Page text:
While more discussion is expected on focus group recommendations, the concept of floor-area ratio to stem the proliferation of mega-homes and duplexes in Holmes Beach appears to be coming under the most scrutiny by city commissioners.
Commission Chair David Zaccagnino tasked the commissioners at the end of a work session May 22 to “think about your FAR number and do the research” before any future meetings.
First, though, commissioners aired their opinions on the concept of FAR.
“There’s nothing to prevent the Island from becoming an Island of big houses and big rentals,” said Commissioner Jean Peelen, who chaired the building focus committee recommending FAR, which sets square footage for a home in relation to lot size.
Zaccagnino appointed commissioners to lead focus groups to address the short-term rental issues after residents made complaints about problems relating to duplex parking, garbage and noise.
Commissioner Sandy Haas-Martens said incorporating FAR as part of the building code will be opposed by those planning to develop or sell property. She used an example of people who might inherit property, saying if FARs are imposed, people may discover they can’t develop according to their expectations because of changes in marketability.
Peelen countered that investors have been “busting neighborhoods” with the duplexes.
Commissioner John Monetti said he didn’t think the answer was “slapping a blanket on all of Holmes Beach,” when the party houses are small in number. “If we enforce our codes, you’ll get rid of 95 percent of the problem,” he said.
“I don’t believe it’s an issue of our tourists,” Peelen said.
Commissioner Pat Morton agreed.
“I’m in favor of FAR,” he said. “I hear this thing, property rights. It’s not just for developers, but also for people who’ve lived in the neighborhoods.”
But the R-2 area is the city’s rental district, Zaccagnino said.
“There’s another issue,” Peelen said. “It’s called huge houses,” and the city’s comprehensive plan and community vision plan say “we do not want that.”
City attorney Patricia Petruff said FAR could be ripe for unintended consequences, including nonconformities.
While her previous advice was that new regulations should be imposed citywide to avoid legal challenges, she said the city could apply different FARs per zoning classification.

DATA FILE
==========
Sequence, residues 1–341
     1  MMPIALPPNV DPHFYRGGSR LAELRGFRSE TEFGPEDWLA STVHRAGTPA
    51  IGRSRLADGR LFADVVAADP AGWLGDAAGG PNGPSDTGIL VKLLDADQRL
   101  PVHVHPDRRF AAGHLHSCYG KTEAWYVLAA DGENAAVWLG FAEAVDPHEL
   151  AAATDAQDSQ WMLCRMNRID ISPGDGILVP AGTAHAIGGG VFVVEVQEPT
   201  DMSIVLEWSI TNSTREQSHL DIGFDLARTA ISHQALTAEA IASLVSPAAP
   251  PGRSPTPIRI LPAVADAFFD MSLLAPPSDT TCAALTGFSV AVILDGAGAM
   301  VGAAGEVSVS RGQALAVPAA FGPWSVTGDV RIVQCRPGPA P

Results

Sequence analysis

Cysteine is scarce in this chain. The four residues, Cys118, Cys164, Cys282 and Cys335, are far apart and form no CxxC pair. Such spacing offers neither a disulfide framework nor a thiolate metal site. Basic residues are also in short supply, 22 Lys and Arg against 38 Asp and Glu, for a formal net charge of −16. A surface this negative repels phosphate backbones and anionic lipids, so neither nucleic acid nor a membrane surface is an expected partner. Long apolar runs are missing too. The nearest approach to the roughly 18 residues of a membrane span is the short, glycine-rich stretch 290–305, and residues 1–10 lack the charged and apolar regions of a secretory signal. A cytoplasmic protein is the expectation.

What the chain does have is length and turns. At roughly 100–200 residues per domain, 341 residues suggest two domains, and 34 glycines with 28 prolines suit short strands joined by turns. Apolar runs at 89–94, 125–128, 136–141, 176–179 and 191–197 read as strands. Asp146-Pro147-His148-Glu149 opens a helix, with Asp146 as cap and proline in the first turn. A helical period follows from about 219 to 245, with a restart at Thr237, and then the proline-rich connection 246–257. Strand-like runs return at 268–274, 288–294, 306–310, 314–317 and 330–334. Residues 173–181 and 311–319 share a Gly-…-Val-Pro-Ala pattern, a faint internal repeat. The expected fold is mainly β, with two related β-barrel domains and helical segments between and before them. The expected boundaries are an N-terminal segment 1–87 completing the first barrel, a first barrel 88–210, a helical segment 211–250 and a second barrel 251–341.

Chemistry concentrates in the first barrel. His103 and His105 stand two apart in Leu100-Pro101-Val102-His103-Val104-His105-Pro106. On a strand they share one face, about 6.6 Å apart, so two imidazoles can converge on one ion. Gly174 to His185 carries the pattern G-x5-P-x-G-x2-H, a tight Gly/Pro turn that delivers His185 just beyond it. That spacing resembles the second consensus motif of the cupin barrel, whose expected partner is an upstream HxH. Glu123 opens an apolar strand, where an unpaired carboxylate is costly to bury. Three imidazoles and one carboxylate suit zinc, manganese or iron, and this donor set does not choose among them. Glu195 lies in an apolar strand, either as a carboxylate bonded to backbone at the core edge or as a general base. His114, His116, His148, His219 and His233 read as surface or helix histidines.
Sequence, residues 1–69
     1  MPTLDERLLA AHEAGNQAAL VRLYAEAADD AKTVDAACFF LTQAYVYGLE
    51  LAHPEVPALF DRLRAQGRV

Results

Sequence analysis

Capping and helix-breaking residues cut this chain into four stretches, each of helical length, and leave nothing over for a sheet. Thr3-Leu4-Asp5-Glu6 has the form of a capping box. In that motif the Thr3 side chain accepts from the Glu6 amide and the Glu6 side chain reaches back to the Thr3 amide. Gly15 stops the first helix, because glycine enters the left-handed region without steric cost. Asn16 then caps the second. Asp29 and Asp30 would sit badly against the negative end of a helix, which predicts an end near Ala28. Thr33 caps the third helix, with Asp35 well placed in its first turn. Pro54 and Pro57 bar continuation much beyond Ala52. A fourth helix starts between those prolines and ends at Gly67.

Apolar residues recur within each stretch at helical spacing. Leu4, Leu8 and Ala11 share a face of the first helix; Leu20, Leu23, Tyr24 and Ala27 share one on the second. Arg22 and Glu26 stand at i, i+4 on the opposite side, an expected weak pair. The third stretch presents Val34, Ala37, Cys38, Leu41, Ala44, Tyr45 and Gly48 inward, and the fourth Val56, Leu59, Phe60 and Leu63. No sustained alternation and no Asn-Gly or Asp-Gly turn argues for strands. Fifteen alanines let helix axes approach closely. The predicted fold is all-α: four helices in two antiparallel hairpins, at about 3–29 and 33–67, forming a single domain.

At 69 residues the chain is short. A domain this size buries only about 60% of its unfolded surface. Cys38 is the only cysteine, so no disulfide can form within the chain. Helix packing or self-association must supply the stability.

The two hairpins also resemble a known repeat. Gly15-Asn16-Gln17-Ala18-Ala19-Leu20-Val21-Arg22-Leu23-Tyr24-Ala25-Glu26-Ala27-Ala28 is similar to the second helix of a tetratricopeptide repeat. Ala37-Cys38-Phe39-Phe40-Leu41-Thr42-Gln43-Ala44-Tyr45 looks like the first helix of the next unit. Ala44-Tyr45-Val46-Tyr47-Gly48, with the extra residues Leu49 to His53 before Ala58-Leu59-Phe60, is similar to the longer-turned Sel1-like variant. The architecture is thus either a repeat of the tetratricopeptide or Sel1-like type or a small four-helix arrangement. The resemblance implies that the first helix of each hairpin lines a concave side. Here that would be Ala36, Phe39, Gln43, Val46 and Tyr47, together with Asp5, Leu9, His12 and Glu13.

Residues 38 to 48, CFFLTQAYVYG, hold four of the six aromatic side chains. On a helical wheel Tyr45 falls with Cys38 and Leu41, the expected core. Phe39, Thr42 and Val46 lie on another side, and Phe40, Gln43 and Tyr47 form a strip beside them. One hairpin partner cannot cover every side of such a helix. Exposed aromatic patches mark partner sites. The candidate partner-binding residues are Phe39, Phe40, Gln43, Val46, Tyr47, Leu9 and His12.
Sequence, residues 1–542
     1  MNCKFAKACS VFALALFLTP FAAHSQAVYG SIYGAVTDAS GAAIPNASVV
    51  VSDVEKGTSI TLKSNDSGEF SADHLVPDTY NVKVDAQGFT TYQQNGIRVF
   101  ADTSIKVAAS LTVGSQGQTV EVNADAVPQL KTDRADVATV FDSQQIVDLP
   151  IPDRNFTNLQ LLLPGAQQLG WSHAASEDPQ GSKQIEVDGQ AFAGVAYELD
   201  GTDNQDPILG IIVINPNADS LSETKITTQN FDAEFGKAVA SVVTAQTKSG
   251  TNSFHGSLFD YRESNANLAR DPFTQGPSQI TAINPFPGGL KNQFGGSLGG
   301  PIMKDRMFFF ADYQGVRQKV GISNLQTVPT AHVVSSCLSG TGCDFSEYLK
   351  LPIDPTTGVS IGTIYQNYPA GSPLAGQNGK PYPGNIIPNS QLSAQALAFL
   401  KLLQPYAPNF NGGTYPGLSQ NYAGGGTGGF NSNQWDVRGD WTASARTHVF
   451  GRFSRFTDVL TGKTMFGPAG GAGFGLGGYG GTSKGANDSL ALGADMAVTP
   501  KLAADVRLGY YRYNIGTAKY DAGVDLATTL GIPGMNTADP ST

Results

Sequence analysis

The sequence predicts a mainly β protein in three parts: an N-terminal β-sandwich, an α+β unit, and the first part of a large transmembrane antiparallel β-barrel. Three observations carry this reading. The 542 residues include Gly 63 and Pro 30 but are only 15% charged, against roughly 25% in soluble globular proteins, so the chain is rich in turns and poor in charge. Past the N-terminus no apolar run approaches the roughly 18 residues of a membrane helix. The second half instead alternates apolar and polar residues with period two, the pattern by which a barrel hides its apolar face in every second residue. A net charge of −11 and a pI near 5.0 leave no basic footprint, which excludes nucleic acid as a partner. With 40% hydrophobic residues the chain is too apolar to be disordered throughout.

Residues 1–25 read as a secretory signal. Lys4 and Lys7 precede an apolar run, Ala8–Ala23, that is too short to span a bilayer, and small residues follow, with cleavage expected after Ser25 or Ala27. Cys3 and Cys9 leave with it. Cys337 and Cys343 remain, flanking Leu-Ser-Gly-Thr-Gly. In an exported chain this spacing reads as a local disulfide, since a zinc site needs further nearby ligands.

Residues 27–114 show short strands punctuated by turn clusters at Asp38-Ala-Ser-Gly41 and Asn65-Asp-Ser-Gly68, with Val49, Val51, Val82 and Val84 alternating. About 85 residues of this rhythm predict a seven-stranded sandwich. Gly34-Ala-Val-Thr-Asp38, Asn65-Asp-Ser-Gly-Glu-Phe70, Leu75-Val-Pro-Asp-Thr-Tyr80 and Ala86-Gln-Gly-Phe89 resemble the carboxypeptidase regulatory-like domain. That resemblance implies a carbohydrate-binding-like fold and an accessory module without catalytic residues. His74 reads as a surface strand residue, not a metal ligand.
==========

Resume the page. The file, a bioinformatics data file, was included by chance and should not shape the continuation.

Haas-Martens asked if a house gets damaged, can it be rebuilt without a non-conformity arising?
Petruff said “if it’s an act of God” involving “a nonconforming structure on a nonconforming lot,” a FEMA provision allows rebuilding within the same footprint “if more than 50 percent is destroyed.”
Peelen suggested commissioners first agree on the concept of FAR, but commissioners next delved into a database of some 758 properties, representing 80-85 percent of R-2 properties.
Zaccagnino and Haas-Martens pointed to several examples in the 21-page database that appeared mistakenly entered, but Terry Parker, building focus group member responsible for creating the database said, “by and far these are pretty accurate numbers.”
Monetti next led the commission through the permitting recommendations from his focus group committee, including changes to improve procedures for posting inspections cards on job sites and inspection boxes that are more visible and closer to the property line.
Mayor Rich Bohnenberger said the posting is already regulated by city code.
Monetti said “our public asked for it” and “builders are on board” with putting inspection cards in accessible window boxes for the public to view.
Monetti also reported he was dropping a recommendation on demolition or performance bonds, saying research showed they usually don’t apply to residential, and it’s an unnecessary cost.
Petruff was opposed to Monetti’s group recommendation for an outside engineering firm to review plans and inspection.
“I don’t believe our department made any errors,” she said. “I don’t know why you would want this unless there’s an issue. I believe (public works superintendent) Joe (Duennes) has more certifications and licenses than anyone on the Island.”
She also said the building department has recently adopted a policy change, and now the public works superintendent goes to all construction sites. She said building inspector Bob Shaffer does the initial inspection, Duennes does the second and both do a third.
The next work session when short-term rental recommendations will be on the agenda is following the regular commission meeting at 7 p.m. Tuesday, June 5, at city hall, 5801 Marina Drive.